(You can download a free poster version of this image here.)
How to build healthy self-esteem.
Ultimately we need to aim for healthy self-awareness and self-acceptance. This comes through:
- Reflection and daily, realistic assessment of self
- Purposeful praise
- Honest feedback
- Clear goals that a child is invested in
Reflection and Daily, Realistic Assessment of Self.
With effort and reflection kids will have actual power over their lives, rather than the flimsy illusion of power that praise provides. We are aiming for them to be able to say, “I stuffed up. That’s okay, but If I want to get better, I need to….”.
Self-reflection is essential to healthy self-esteem, however, it doesn’t come naturally to children. It’s our job to teach a child to reflect and that is best done by questioning. It’s our job to say, How do you think it went today? What did you do well? What do you need to work on?
Delivery is the most important aspect of helping kids reflect. Ms Carmignani says, “It’s all about tone. We need warmth and love and unconditional acceptance, not unrealistic, unconditional praise”.
Praise is most powerful when it is specific and honest. When you praise a child for working hard, make sure they actually have worked hard. Otherwise, we lower the bar for them.
Up until they are about twelve, it is developmentally appropriate to praise children just for effort. As kids’ brains develop we need to start looking at their use of process.
As they enter their teens, kids should be starting to question how they are doing things and reflecting on whether or not there should be changes made in order to improve performance. For example, Are their strategies for studying for tests working? Or do they need to reassess and try new strategies for better results? Praise older kids for their effective use of processes and strategies, even if the final product isn’t exactly what they want.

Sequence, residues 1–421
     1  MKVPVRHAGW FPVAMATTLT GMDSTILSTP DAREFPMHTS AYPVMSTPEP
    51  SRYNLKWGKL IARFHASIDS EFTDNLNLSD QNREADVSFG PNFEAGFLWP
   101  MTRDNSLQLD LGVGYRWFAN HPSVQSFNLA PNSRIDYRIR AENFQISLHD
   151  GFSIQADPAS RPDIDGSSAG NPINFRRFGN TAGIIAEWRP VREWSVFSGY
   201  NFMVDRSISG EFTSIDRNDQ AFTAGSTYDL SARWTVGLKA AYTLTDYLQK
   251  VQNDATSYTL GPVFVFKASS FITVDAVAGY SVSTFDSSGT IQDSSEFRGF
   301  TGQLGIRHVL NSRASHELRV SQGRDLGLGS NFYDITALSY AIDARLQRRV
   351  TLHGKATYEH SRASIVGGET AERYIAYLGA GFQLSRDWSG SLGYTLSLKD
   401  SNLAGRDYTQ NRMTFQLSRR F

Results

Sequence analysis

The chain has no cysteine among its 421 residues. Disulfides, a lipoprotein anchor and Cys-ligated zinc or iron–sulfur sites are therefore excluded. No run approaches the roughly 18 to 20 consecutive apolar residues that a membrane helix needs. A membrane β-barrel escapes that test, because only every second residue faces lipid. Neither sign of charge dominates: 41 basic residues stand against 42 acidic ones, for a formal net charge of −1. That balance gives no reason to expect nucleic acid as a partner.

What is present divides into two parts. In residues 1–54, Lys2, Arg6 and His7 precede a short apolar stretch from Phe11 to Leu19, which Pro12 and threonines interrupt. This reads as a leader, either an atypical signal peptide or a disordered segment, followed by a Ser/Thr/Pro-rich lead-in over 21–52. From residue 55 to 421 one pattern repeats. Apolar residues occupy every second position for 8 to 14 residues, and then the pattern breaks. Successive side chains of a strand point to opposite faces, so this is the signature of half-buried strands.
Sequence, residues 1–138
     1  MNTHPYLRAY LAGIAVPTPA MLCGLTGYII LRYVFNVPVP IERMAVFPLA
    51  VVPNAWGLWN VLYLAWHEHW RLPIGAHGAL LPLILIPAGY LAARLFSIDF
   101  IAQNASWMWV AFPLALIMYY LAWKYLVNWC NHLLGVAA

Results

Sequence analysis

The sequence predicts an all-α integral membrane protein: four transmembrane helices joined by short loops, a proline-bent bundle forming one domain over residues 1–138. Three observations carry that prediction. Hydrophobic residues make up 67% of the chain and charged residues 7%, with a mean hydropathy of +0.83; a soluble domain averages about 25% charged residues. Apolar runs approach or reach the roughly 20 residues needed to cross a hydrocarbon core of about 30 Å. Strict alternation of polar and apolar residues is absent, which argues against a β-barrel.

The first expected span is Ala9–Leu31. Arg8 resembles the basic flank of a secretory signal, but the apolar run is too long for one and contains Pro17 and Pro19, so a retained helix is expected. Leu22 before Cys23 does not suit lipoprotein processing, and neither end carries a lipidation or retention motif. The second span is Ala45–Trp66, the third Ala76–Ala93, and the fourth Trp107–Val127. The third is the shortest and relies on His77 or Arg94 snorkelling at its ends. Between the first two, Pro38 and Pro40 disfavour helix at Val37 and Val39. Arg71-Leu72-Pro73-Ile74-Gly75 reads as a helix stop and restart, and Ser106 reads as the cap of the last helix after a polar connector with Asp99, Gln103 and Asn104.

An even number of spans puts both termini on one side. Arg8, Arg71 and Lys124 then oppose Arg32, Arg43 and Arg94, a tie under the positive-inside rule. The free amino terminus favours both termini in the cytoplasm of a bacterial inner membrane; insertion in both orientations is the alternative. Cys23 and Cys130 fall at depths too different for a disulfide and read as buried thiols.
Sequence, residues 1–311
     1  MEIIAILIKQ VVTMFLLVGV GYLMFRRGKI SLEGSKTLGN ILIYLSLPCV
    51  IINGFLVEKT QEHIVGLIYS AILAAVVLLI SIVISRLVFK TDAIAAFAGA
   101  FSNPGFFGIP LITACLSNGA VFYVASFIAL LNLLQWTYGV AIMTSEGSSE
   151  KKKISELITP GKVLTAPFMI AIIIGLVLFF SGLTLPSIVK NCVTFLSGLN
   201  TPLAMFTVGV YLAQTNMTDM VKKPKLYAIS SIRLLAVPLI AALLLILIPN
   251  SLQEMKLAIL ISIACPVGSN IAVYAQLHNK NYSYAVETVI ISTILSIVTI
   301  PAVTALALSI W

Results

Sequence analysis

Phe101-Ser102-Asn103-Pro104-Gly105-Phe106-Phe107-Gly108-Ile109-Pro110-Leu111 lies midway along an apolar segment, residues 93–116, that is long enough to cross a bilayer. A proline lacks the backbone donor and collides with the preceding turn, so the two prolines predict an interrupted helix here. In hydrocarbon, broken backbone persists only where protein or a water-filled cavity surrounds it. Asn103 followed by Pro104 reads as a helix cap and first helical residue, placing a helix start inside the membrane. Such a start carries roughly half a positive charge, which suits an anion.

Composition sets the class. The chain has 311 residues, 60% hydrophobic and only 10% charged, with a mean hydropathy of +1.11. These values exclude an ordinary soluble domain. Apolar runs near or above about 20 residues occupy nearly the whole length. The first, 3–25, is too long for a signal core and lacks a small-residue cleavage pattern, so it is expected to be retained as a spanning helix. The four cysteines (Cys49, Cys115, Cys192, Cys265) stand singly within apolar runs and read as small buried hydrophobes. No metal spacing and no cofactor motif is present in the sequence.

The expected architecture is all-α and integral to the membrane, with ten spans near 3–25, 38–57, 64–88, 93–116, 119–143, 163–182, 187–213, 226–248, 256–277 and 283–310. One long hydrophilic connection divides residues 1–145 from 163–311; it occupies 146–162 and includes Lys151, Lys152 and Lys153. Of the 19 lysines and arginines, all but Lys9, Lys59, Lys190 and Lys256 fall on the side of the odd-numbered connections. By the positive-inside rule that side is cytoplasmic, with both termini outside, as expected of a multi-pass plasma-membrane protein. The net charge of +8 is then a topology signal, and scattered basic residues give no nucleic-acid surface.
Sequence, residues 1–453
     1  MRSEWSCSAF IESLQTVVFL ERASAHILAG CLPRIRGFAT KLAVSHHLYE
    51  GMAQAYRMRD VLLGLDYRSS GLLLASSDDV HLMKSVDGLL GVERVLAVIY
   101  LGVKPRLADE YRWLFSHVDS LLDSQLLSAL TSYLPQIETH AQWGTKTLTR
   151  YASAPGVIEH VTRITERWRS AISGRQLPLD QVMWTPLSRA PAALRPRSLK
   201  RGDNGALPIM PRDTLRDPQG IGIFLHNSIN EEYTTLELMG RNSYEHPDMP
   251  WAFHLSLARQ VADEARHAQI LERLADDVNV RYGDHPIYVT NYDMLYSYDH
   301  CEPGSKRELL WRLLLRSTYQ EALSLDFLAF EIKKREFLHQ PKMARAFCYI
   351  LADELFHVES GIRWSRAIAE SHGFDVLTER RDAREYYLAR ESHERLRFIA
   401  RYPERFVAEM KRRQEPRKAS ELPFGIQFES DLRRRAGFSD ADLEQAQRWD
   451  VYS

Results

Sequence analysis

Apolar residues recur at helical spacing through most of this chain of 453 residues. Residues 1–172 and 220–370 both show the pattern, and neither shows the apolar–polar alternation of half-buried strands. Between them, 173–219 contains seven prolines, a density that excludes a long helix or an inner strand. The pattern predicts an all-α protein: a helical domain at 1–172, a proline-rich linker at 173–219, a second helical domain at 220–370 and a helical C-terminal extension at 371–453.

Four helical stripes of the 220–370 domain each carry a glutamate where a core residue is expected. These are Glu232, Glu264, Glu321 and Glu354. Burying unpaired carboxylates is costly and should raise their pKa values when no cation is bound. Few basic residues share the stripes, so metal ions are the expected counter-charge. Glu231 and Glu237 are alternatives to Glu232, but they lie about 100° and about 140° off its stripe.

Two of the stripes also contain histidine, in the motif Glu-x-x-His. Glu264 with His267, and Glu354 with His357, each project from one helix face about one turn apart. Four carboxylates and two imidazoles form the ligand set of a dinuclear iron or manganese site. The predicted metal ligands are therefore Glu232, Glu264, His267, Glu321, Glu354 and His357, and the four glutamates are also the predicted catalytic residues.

Kids need honest, helpful feedback. The automatic, “Good girl” doesn’t give them anything to work with. Feedback shouldn’t always be about making a child feel good. It also needs to help with development. Talk to kids about things they do well and areas where they can improve. This can all be done in a way that is positive, accepting and loving.
Self-esteem comes from a sense of achievement. In order to foster that sense of achievement, it is important that children have clear goals that they are invested in. There is a difference between your goals and your child’s. I saw a very clear example of this with my young nephew.
Jonah is 8. Last year he was deeply invested in becoming Mental Maths Champion in his class. On Awards Night, Jonah was named overall Dux of his class, however, on the phone, he didn’t tell me about that. He told me he had won the Mental Maths medal. That’s what mattered to him, what he had worked towards and what he was proud of.
Self-esteem is a worthy goal for us to have for kids, but it isn’t something we can just give them. It must have foundations in personal experience, self-reflection and honest feedback. It must be strong enough to withstand criticism, failure, adversity and the odd, inevitable humiliation. If we can provide guidance in developing that sort of healthy self-esteem, we have given them a great gift for life.